And a cordon of cruisers
With blue and red flashing lights
Sealed off all alternate
Routes of escape

Hemmed in
On all four sides
Of the barricades
We were laid bare
In the urban grid
 Drawn and quartered
By the same police power
Those of us angry
And those of us willing
And those of us
Besotted too
All of us could
Suddenly see
Exactly where
Things stood



Monday, December 15, 2014

Finally - A Reply to Meditation #17

God employs several translators; some pieces are translated by age, some by sickness, some by war,
some by justice; but God's hand is in every translation, and his hand shall bind up all our scattered leaves again for that library where every book shall lie open to one another. As therefore the bell that rings to a sermon calls not upon the preacher only, but upon the congregation to come, so this bell calls us all.   


John Donne, Meditation 17 



Enlightenment 
Entails a stutter step
Or a stammering
Thanks to the absurdity
Of the Brightness

If you're unprepared
It can be hazardous
To your health
The equivalent
To a stroke or
A Richter 10 quake

But how unlike
A beast is humankind
That we can lift
Our hind legs upward
In prayer (not merely
to urinate)
Over our heads
In submission
To the laws of
Anti-gravity

And while sitting
On the mat if you tell
Me not to ask
For whom the bell tolls
Or the siren wails
I’ll take comfort
In knowing that
It wails for me
Celebrating the
Not-self's return

Monday, December 8, 2014

A Poem for Bodhi Day


For Jonathan Stalling


From Emptiness to Enlightenment
Is but a short step (or leap) off
The end of a long dark period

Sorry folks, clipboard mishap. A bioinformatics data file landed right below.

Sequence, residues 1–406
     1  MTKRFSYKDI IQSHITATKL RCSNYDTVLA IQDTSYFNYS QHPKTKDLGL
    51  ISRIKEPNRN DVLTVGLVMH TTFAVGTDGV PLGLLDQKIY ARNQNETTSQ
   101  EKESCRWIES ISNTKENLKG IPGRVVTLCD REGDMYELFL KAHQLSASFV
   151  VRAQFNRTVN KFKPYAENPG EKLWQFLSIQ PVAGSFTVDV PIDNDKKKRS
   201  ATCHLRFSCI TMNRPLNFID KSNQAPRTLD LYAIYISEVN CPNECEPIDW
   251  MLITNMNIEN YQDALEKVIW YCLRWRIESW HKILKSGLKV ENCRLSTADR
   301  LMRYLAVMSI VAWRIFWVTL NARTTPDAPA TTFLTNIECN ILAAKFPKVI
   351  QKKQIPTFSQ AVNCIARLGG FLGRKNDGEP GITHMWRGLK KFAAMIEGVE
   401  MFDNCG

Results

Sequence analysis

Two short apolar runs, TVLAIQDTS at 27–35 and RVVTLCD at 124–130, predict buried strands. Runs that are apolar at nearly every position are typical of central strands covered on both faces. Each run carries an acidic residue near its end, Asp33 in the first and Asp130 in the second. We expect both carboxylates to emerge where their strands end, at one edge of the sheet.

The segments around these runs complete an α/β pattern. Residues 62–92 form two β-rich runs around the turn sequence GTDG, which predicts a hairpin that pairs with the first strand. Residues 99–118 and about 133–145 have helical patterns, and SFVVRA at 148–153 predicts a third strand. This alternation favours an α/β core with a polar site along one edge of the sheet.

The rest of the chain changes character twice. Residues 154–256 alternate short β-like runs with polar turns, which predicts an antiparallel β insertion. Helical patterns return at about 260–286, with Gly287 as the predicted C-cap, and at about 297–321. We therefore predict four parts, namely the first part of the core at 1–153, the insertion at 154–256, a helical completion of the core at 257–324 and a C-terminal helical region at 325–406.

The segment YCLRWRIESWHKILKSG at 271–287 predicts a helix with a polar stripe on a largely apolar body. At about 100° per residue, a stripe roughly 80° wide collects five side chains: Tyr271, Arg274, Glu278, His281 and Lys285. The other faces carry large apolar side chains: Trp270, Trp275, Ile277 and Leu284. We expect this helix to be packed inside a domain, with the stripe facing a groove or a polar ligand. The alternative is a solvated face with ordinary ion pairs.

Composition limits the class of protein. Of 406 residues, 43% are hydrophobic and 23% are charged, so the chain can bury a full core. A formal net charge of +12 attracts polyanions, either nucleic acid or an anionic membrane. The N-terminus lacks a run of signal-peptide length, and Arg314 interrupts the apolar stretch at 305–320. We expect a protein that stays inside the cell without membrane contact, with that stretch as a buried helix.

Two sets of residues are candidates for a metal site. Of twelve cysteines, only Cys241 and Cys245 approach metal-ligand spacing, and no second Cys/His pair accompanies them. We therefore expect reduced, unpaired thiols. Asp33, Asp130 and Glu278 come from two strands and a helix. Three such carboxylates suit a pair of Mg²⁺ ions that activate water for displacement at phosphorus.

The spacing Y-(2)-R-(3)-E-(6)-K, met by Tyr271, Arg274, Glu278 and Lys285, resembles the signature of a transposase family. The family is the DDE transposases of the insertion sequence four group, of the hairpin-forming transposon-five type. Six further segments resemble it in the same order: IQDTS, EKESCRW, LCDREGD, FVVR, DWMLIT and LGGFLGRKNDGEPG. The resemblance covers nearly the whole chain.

As quite suddenly old Gutei
Lifts a single finger and
The first Nen clears its throat
Ready to speak of its own accord
 
 

Sunday, December 7, 2014

A Surreply to Wallace Stevens

I wrote this stanza answering to a double prompt - (i) a photo (copied below) that I saw posted on Facebook of footsteps trailing off in a field of snow, which basically looked like a calligraphy for half of a Chinese character or so, and (ii) Wallace Stevens' great poem The Snowman.




For the wanderer
Who treks through the snow
And beholds the Nothing
That is there along with
Various other things 
Paled by abstraction
And contingency 





The title of this poem is a cross-reference to a few of my earlier poems that were addressed to Stevens, including one which you can read by clicking here.   But what this new stanza reflects is how lately I've been considering whether The Snowman reflects a Buddhist view of Nothing (as a number of American critics seem to think it does)  as opposed to that of an American modernist insurance executive?  There are many types of Nothing and Stevens, for the most part, seems to stick to thinking about it in a spare positivist framework, at least that's how his mind of winter strikes me - not quite yet inclined to see Enlightenment as the ultimate payoff of Emptiness.


Saturday, November 29, 2014

A Poem Written in reply to Don Share's Tweet

 
This poem is the result of an exchange on Twitter prompted by Don Share's tweet (in which he quoted the novelist Ali Smith as saying that poets should revere translators) to which I then replied reverence has nothing to do with it -- which as a translator I feel entitled to say -- and he replied he reveres his masters and so on....


And so we tweeted
Back and forth the other day
About the aptness of reverence
For poets and translators
Masterful or otherwise
Yet there was one more thing
I still wanted to say

Because even for poets
I’m inclined to revere
-- like Neruda Akhmatova or Blake --
I would be astonished
If any one of them 
Had ever intended
For their words
To be fetishized thus
Or construed so as to impose
An anthropomorphic gloss
On what is and always
Remains a matter of
The poet’s deepest
Abiding faith

To say nothing
Of the greatest sages of all time
Such as Lao Tzu and Zhuang Zhou
For whom meaning subsumed 
To the messenger  
Would be inimical 
To the Dao itself


And so it goes with
The best of poems
As with any testament or sutra
That it may be understood
More as means to an end
Or an expression of striving
Rather than exalted as
An end or meaning that's
Been fully attained